AL-MUKALLA: Yemen’s prime minister has vowed to address any impact on humanitarian assistance or the remittances of citizens abroad following the US move to designate the Iran-backed Houthis as a terrorist organization.

Maeen Abdul Malik Saeed also urged the international community not to surrender to “Houthi blackmailing” and intimidation.
Saeed defended his government’s strong support of the designation during a virtual interview with foreign journalists sponsored by the Sanaa Center for Strategic Studies.
He said that his government had formed a committee to handle any effects on the delivery of humanitarian assistance inside Houthi-controlled areas and the remittances of Yemenis abroad.
“We are determined to prevent any impact of the decision on the Yemenis. We have formed a committee to mitigate effects of the decision,” he said.
When the US announced its intention to designate the Houthi movement as a terrorist organization last week, Yemen’s government quickly urged the US administration to put the decision in place, predicting it would stop Houthi crimes and their looting of humanitarian assistance, and would smoothe the way for peace.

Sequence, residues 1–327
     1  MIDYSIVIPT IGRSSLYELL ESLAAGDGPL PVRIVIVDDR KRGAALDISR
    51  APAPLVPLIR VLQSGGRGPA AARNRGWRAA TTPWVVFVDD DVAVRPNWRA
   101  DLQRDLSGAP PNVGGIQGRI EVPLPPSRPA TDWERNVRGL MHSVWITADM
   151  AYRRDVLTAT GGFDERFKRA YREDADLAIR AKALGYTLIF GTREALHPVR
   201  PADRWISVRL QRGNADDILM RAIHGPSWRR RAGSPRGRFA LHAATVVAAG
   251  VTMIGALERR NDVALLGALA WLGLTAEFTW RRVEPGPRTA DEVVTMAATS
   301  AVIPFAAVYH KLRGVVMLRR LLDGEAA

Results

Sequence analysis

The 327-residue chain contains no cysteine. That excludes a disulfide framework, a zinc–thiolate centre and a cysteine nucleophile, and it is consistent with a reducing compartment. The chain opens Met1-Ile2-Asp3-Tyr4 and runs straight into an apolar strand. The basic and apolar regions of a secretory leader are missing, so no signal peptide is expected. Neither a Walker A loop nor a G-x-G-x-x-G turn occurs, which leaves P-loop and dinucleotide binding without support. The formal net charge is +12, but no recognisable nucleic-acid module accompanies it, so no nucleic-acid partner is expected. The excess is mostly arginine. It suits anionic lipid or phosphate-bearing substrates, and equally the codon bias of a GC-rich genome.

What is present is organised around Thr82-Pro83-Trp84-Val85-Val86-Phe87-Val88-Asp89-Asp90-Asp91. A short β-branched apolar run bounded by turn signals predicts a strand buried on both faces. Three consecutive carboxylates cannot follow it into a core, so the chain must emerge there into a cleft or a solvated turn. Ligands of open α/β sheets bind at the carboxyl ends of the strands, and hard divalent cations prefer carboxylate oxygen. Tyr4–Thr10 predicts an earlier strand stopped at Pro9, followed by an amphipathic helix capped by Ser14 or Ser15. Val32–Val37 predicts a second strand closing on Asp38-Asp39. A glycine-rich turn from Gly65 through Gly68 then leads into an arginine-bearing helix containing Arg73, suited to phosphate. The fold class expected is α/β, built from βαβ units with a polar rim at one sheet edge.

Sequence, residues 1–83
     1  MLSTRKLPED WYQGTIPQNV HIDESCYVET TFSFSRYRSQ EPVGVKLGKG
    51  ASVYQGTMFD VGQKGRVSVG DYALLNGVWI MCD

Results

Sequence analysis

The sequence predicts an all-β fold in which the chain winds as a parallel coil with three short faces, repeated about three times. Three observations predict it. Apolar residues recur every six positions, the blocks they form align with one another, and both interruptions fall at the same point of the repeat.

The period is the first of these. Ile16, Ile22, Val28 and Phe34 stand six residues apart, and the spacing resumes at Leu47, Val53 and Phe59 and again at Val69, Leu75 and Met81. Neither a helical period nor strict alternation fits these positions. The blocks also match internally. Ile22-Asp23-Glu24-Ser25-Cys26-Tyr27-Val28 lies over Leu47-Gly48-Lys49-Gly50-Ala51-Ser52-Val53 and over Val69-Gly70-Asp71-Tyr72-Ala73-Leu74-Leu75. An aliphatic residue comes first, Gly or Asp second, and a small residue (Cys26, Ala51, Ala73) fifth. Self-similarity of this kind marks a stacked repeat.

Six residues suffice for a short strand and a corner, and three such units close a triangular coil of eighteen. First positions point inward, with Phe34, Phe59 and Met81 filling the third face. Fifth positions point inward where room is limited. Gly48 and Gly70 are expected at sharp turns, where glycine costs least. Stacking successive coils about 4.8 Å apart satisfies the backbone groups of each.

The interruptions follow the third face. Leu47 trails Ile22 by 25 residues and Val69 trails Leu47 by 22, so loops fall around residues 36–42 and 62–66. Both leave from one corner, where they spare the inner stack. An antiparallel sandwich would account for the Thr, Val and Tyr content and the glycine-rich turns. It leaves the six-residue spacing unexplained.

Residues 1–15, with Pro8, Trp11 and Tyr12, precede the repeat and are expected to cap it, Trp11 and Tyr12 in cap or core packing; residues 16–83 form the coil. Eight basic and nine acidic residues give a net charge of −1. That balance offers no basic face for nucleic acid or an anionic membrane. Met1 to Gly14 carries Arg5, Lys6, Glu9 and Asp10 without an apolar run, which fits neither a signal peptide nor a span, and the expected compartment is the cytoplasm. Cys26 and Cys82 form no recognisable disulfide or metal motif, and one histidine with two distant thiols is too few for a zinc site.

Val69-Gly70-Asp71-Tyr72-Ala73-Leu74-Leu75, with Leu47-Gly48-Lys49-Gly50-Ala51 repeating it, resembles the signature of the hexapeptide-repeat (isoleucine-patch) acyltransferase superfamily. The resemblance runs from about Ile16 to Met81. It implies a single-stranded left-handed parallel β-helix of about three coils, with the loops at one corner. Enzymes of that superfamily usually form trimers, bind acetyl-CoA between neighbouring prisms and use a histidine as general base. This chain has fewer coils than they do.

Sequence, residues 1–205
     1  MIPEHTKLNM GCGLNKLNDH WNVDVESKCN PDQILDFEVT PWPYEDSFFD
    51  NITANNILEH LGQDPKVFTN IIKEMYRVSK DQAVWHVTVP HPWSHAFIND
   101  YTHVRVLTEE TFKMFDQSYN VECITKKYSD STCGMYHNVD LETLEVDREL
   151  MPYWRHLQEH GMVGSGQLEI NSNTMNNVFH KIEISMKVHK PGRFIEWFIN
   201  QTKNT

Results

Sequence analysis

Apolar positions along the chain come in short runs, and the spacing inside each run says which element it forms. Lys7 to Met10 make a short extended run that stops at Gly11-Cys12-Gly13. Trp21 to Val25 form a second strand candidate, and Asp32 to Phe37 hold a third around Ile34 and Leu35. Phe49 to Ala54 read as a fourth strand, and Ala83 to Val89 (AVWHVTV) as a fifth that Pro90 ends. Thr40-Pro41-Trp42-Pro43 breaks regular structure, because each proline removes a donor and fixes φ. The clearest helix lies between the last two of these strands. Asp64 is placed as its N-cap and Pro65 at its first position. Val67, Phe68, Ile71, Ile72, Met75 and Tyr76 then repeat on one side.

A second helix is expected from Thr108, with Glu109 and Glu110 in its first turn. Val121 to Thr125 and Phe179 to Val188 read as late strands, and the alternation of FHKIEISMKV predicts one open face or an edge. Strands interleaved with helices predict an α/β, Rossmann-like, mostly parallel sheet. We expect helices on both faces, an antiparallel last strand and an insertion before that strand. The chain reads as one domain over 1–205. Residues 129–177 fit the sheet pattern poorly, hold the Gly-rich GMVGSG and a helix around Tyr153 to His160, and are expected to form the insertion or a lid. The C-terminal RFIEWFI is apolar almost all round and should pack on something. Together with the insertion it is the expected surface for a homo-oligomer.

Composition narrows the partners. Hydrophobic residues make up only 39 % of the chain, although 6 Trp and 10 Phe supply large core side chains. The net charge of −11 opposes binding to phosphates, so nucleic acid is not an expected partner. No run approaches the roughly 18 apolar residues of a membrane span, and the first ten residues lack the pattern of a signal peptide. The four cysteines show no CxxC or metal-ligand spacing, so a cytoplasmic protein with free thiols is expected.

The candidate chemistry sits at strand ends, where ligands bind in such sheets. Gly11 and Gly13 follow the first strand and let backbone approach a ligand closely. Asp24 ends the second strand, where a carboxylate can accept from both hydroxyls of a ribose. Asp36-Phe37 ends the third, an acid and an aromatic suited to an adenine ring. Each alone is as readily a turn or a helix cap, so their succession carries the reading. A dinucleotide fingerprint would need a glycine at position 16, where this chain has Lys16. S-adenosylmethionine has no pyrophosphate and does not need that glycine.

Referring to the impact of the US designation on peace talks between the Yemeni government and the Houthis, Saeed said that the decision would not undermine peace efforts. He said that the Houthis would be accepted as part of the Yemeni political and social spectrum when they abandoned hard-line ideologies and embraced equality and justice.

The Yemeni government agreed to go to Stockholm for reaching a solution to stop fighting and saving the city. This model has failed.

Maeen Abdul Malik Saeed, Yemen’s prime minister

“This is an important pressure card on them and a real definition of them,” he said, adding that the Yemenis would not allow the Houthi movement to rule them.
“Yemen would not be ruled by a racist and terrorist group,” he said.
Formed under the Riyadh Agreement, Yemen’s new government’s ministers narrowly escaped death on Dec. 30 when three precision-guided missiles ripped through Aden airport shortly after their plane touched down.